Despite what Wiccans refer to as "300 years of bad press," witchcraft
and Satanism are not synonymous. Witchcraft (derived from "wicca-
craft" or "craft of the wise") is a nature-based, Goddess-centered
philosophy that predates Judeo-Christianity by hundreds, if not
thousands, of years.
And no, they don't suck blood or sacrifice small animals.
But villagers say they know better. Ask around.
"Satanic hardware is what A.J. is peddling and that kind of commerce
brings with it 'orgies,' 'sexual involvement with children,'
'sacrifices of children' and 'devil-worshipping.'
"This isn't the community for that kind of activity" is the line most
often heard from the fathers, mothers and teens stalking Salem West's
parking lot. People who live around here figure that even if the
store isn't satanic by design, dabbling in witchcraft is the
interstate to hell.
It's Reefer Madness logic plain and simple - once you get hooked on
weed, you're more likely to crave bigger and better highs, eventually
winding up a hopeless junkie. A few tarot readings and quicker than
you can say Mephistopheles, you're in a cornfield burying burnt
Steve McSurley comes hustling out of Salem West. His wife, who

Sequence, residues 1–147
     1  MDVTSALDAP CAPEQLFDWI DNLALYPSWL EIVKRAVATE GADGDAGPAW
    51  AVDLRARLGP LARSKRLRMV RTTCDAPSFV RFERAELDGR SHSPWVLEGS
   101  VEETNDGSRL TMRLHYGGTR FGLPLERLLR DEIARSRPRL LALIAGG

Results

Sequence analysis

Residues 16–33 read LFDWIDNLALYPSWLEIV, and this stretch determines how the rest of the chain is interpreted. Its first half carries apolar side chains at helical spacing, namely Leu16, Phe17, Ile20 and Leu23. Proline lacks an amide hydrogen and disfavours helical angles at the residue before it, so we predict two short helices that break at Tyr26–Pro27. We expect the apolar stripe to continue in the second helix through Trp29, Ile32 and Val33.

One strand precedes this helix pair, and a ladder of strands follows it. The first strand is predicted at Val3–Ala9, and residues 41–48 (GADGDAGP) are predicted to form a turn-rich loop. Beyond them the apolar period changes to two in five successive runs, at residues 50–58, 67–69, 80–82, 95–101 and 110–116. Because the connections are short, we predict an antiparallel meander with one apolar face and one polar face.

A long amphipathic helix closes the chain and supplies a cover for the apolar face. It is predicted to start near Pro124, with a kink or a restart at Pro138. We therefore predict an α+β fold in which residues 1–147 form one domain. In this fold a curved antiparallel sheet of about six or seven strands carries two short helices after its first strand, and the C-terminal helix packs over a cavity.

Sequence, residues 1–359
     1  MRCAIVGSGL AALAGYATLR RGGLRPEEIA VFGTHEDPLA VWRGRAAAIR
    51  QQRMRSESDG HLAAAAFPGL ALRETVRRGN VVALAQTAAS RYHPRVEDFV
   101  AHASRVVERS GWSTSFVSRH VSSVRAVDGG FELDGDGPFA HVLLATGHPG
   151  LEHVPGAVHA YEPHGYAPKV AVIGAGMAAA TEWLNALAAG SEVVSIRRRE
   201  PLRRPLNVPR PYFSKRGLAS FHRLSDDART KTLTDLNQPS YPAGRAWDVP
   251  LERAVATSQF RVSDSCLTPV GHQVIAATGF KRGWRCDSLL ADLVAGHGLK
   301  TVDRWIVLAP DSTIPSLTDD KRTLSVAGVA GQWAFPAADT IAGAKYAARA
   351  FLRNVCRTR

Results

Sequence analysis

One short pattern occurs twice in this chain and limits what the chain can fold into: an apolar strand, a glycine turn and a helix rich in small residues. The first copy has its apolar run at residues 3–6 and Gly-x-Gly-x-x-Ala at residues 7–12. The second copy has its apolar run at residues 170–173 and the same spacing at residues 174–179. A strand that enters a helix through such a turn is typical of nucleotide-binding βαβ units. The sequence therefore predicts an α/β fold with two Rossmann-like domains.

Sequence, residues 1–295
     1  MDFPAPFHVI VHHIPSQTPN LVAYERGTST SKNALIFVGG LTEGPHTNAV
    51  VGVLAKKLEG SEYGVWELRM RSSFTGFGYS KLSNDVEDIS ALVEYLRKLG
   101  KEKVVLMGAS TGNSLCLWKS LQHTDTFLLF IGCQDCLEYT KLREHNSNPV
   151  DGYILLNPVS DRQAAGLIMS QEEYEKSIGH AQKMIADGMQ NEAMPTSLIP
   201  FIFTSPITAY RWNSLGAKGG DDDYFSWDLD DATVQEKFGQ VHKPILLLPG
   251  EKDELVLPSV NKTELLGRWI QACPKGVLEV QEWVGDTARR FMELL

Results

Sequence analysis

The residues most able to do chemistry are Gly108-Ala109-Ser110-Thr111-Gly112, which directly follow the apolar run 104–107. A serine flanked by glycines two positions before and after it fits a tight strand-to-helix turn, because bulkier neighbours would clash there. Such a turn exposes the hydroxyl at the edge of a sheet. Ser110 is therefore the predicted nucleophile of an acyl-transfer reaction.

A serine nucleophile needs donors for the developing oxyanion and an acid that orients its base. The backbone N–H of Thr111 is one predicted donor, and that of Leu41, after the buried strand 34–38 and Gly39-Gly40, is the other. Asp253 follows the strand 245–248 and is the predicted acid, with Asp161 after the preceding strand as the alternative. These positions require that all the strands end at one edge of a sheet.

wouldn't enter the store, waits in their van. On the rear door is a
bumper sticker reading, "Caution: Christians on Board." McSurley, a
born again, says he was a Satanist for 15 years before giving his
life "wholeheartedly to God."
"The say they're not into Satanism over there. Well, they're just
openin' doors. Once you get into witchcraft, you want more power and
then you go into Satanism. See, I was into witchcraft myself [how
often have we heard THIS lie from Christians?! -- dr] and I wasn't
satisfied with that - I wanted more power, I wanted to get to the
heart of it - and the heart of it was Satan."
It's the little ones he worries about, although he doesn't think
anybody - not kids, grown-ups or old people - should be exposed to
"It's the kids. They're opening different doors to these kids that
listen to Motley Crue and all them. It's for real and it all leads to